Google’s always had a minimalist design, one of the simplest designs on the web. And for the most visited website in the world, that’s provided a very user-friendly approach making searching somewhat of a breeze. The problem is, Google is no longer about search since, with the arrival of a plethora of additional services, that part of Google’s business has become so much less significant.
As Google has added new products, services and apps, they’ve featured their own unique interface so, while the main search page became refined, the other sites got left behind. However, Google has recently started a full, unified redesign process across their sites connecting them all up with similar design trends: a modern, minimalist red and white scheme.
It started with Plus
Google’s redesign started out with Google+, their social network. Google took a completely different approach to Google+’s design, and it turned out much cleaner than any of their other sites. My first impression was of shock since the new colour scheme was quite a deviation from the norm for Google, and I wasn’t it’s biggest fan. Nonetheless, the clean design with a generous use of negative space won me over.
Interestingly, Google+’s design is credited in part to Andy Hertzfeld, who, before working at Google since 2005, worked for Apple’s original Macintosh team. And with the colourful design with use of standards-compliant animation, it certainly feels inspired by Apple.
But Page has signed off on the pleasing-pixel innovations in Circles, including a delightful animation when you delete a circle: It drops to the bottom of the screen, bounces and sinks to oblivion. That animation adds a few hundred milliseconds to the task; in the speed-obsessed Google world that’s like dropping “War and Peace” on a reading list. “I’ve heard in the past that Larry Page he didn’t like animations but that didn’t stop me from putting in a lot of animations in, and Larry told me he loves it.” says Hertzfeld. “Maybe Apple’s resurgence had a little bit to do with it.” In any case, Google has recently tapped Hertzfeld as the design leader of the Emerald Sea team. [Steven Levy]
Then onto Gmail
Following Google+’s release, Gmail followed suit with a similar design. This brought a little more unity to Google’s ecosystem as was nothing but a welcome change, but it meant that the custom themes that many users utilised were no longer compatible. Nevertheless, the clean design meant it was a worthy sacrifice.
Finally, the other apps
And then, the other Google apps followed. Google Docs was one of the apps that got the redesign, and this was one of the few redesigns that I was a little skeptical about. Docs looks very much like Mail, but I can’t help think there’s too much negative space in this one unless you’re a really heavy user of Google Docs.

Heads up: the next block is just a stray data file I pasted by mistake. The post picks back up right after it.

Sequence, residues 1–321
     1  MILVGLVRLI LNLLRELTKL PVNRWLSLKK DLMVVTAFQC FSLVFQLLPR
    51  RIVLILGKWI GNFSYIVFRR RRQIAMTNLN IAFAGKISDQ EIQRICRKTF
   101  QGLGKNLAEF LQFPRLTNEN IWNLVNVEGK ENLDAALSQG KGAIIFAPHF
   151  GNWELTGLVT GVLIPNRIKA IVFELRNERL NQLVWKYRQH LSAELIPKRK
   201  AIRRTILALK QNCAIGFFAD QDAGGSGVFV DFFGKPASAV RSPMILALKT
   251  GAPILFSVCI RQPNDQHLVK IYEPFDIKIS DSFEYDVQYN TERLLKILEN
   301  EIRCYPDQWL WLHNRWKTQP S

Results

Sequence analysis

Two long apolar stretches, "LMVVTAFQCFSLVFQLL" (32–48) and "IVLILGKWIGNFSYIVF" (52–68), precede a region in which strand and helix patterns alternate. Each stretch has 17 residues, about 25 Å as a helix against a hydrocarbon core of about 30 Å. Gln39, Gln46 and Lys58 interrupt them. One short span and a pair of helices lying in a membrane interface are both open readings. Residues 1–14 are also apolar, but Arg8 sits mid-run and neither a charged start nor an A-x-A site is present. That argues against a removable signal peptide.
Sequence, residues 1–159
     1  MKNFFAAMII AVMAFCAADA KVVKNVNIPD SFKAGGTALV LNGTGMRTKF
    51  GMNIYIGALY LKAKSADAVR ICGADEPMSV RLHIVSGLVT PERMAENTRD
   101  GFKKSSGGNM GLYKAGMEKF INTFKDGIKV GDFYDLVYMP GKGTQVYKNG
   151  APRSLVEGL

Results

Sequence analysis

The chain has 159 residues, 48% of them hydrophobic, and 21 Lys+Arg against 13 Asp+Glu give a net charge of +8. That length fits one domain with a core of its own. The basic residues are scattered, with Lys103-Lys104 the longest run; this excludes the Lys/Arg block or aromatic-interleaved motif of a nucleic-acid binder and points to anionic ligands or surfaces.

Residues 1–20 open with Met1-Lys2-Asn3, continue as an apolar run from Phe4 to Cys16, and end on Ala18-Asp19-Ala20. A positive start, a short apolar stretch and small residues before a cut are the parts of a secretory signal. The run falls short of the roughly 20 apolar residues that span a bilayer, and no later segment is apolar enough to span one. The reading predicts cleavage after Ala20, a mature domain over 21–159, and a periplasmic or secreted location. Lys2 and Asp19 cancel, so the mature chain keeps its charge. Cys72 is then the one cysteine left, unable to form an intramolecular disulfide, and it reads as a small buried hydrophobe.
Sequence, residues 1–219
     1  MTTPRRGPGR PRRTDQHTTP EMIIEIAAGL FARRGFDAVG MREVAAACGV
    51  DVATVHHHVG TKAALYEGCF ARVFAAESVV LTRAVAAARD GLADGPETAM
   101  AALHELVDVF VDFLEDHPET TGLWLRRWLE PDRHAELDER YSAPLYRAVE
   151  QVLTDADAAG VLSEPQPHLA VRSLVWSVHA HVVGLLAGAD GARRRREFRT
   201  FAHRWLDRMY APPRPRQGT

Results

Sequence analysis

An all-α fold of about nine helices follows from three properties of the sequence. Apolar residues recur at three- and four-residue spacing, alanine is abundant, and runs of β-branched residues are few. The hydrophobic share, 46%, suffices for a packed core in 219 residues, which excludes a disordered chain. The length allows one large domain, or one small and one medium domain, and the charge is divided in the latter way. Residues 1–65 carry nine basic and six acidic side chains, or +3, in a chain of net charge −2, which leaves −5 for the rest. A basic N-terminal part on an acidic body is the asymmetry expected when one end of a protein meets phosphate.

Then, YouTube has a new design, codenamed Cosmic Panda, that turns YouTube into a slick new viewing environment. It’s darker than YouTube’s normal design, but it’s not exactly like the new look of Google’s other apps. It is closer, though, and almost any change to YouTube’s design is welcome.
Nonetheless, the universal design approach is a worthwhile addition to Google. It makes everything feel like they’re connected and integrate together, and not completely separate services.
Focus, Elasticity and Effortlessness
In their blog post, Google mentions three reasons for the new approach: focus, elasticity and effortlessness, and that’s really what we want out of a service like Google. At least in their search product, Google is nothing but a middleman to help you get to the content you want, meaning that focus (Google’s word for “minimalism”) is really vital to a product like Search.
Likewise, Google recognises elasticity as one of the reasons for their redesign. Their point of Google being used on a ton of different platforms and screen sizes is, again, worthy and is evident if you’ve used Google’s new design on another platform like an iPad. Unfortunately, services that we’ve wanted on platforms like the iPad (such as Google Docs) are not yet compatible, which is disappointing since the redesign offered a great opportunity.
Finally, effortlessness is something Steve Jobs would have been proud of: Google uses standards complaint HTML5 meaning that browsers can work with Google fast, and without plugins.
To sum up, and answer the initial question, I think Google has taken a big step forward. In the majority of their services, the redesign offers a clean, minimalist look that is very straightforward to use, and, for the most part, can be picked up from any platform you choose. It’s just unfortunate that the opportunity offered by the redesign wasn’t taken to enhance some functionality, like Google Docs in a touch-based browser.
Have you used on of Google’s redesign previews? Share your thoughts in the comments.